puppy playing

Puppy parents are often overcome by puppy cuteness.

And the result is that they overlook the importance of clear boundaries. Puppies explore and experiment and are insatiably curious!   If puppies get too much freedom too early and not enough supervision, then their curiosity can have some unintended results. 

How can you tell if puppy cuteness has led to too much freedom without enough supervision?

Here's a quick way to answer that question: Suppose your puppy's behavior produces unintended results (such as biting, house soiling, etc.). Do you react by thinking how can I get my puppy to STOP doing XYZ? If that's your first thought, you're not alone! And it also suggests that you need to upgrade to more proactive supervision.

What's the problem with asking how to stop your puppy from doing things?

The problem is that your reaction is too late to do much good. You see, timing matters a lot more to dogs than it does to humans. So, the better question is not how to stop something that already happened, but how to proactively stay ahead of the curve and teach good habits so that you prevent problems before they happen!

What does too much unsupervised freedom look like?

  • No limit on space.  The puppy can go anywhere he wants in the house.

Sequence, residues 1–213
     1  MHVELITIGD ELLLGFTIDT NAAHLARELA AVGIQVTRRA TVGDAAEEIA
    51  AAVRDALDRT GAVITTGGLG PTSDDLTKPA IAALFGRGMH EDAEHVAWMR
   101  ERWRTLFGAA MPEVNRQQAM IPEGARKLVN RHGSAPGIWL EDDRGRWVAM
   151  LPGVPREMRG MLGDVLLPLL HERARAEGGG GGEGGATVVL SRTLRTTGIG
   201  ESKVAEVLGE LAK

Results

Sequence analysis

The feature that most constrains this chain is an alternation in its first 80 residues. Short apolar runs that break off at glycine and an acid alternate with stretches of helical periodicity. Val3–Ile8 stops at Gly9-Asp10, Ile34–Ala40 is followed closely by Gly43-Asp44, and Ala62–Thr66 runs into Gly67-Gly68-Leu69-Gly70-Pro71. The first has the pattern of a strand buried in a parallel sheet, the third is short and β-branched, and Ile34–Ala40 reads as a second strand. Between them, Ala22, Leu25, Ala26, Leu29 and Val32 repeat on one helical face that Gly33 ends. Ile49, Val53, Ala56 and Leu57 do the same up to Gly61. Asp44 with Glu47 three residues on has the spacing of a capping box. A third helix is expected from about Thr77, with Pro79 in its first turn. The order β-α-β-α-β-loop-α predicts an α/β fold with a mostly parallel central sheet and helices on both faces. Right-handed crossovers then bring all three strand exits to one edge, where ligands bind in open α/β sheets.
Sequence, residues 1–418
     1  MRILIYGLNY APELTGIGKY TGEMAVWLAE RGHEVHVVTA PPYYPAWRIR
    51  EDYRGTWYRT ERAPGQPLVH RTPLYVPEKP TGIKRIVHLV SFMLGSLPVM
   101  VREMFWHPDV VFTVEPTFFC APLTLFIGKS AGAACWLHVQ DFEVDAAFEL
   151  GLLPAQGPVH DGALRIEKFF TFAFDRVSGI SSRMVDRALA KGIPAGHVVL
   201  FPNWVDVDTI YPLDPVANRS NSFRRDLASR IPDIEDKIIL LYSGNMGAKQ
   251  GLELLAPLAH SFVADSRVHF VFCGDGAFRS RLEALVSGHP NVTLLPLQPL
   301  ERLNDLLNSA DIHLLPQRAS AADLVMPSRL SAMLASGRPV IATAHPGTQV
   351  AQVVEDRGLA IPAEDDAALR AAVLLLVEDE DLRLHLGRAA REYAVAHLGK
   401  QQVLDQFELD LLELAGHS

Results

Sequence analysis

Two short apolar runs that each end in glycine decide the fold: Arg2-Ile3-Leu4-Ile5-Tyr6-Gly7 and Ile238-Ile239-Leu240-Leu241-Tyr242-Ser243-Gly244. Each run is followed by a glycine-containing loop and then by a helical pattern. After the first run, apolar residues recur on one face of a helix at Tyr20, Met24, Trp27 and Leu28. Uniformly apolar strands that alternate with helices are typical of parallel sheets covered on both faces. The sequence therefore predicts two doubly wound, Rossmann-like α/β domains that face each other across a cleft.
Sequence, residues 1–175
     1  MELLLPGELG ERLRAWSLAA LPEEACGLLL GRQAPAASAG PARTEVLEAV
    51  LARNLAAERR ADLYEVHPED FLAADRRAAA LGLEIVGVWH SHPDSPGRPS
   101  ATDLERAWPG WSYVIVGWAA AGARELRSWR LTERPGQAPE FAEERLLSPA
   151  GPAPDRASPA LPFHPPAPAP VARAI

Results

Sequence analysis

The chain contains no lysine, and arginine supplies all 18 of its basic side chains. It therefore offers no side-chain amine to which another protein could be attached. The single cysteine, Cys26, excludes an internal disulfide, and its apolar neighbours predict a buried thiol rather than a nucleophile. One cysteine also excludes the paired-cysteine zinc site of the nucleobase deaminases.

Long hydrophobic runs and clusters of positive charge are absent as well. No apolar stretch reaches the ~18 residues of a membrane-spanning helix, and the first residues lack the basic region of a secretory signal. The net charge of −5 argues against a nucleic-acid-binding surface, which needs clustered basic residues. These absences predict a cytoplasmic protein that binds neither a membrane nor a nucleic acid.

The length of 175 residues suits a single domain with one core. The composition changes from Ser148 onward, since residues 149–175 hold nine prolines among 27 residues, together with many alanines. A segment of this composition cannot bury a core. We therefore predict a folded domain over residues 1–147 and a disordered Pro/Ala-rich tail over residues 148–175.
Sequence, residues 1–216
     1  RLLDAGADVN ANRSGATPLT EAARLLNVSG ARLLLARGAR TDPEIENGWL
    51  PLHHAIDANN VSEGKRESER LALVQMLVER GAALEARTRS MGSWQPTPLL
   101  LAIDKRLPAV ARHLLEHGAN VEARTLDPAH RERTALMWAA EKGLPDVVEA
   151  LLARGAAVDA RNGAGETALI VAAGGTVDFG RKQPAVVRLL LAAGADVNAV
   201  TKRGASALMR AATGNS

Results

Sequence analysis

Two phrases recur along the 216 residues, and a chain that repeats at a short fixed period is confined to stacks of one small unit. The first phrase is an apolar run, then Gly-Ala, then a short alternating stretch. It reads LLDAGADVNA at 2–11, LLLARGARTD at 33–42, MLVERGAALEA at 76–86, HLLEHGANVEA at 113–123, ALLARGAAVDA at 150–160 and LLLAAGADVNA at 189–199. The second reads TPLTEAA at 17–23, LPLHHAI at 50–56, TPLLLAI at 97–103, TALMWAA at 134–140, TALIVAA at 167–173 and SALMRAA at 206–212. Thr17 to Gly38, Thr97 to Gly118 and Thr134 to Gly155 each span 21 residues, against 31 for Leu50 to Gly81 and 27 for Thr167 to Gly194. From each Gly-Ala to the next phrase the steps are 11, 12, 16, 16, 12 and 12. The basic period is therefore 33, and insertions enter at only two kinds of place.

• The puppy doesn't understand impulse control.  Until he learns self-control, he will jump on people and not come when he's called if he's distracted.
  • Resisting confinement.  As a result, he dashes out of open doors, climbs over gates, and fusses unmercifully when confined in a crate.
  • All objects are his possessions.  When he takes your things, you call it “stealing”.  So, he takes your clothing, your food, other personal belongings, and whatever seems interesting and chewable.
  • Walking on a leash is more like a tug-of-war than a pleasant outing.
  • Handling him for routine grooming or just petting him means dodging sharp puppy teeth or struggling to restrain him.

What does proactive supervision look like?

  • You manage indoor and outdoor space with common-sense boundaries.
  • Since your puppy has learned good habits for where to potty and where not to potty, there are no messes to clean up.
  • Your puppy learns how to wait for permission.
  • Because you taught your puppy the “give-and-take” concept, he doesn't steal your stuff.
  • Walking on a loose leash makes outings fun for both of you.
  • Toys are for biting and not people's hands.

If this sounds like a lot to handle on your own, don't worry.

Go on over to my website and find out all the ways I'm ready right now to help you become a more proactive puppy parent.

For help in a hurry, book a free 30-Minute Discovery Call!


Marilyn  Mele
Dog Training with Purposeful Solutions, Expert Personal Coaching, Dedicated to Positive Reinforcement Training
Dog Wisdom Workshop
https://dogwisdomworkshop.com1068 Keener Road
Seymour, TN 37865865-748-7668

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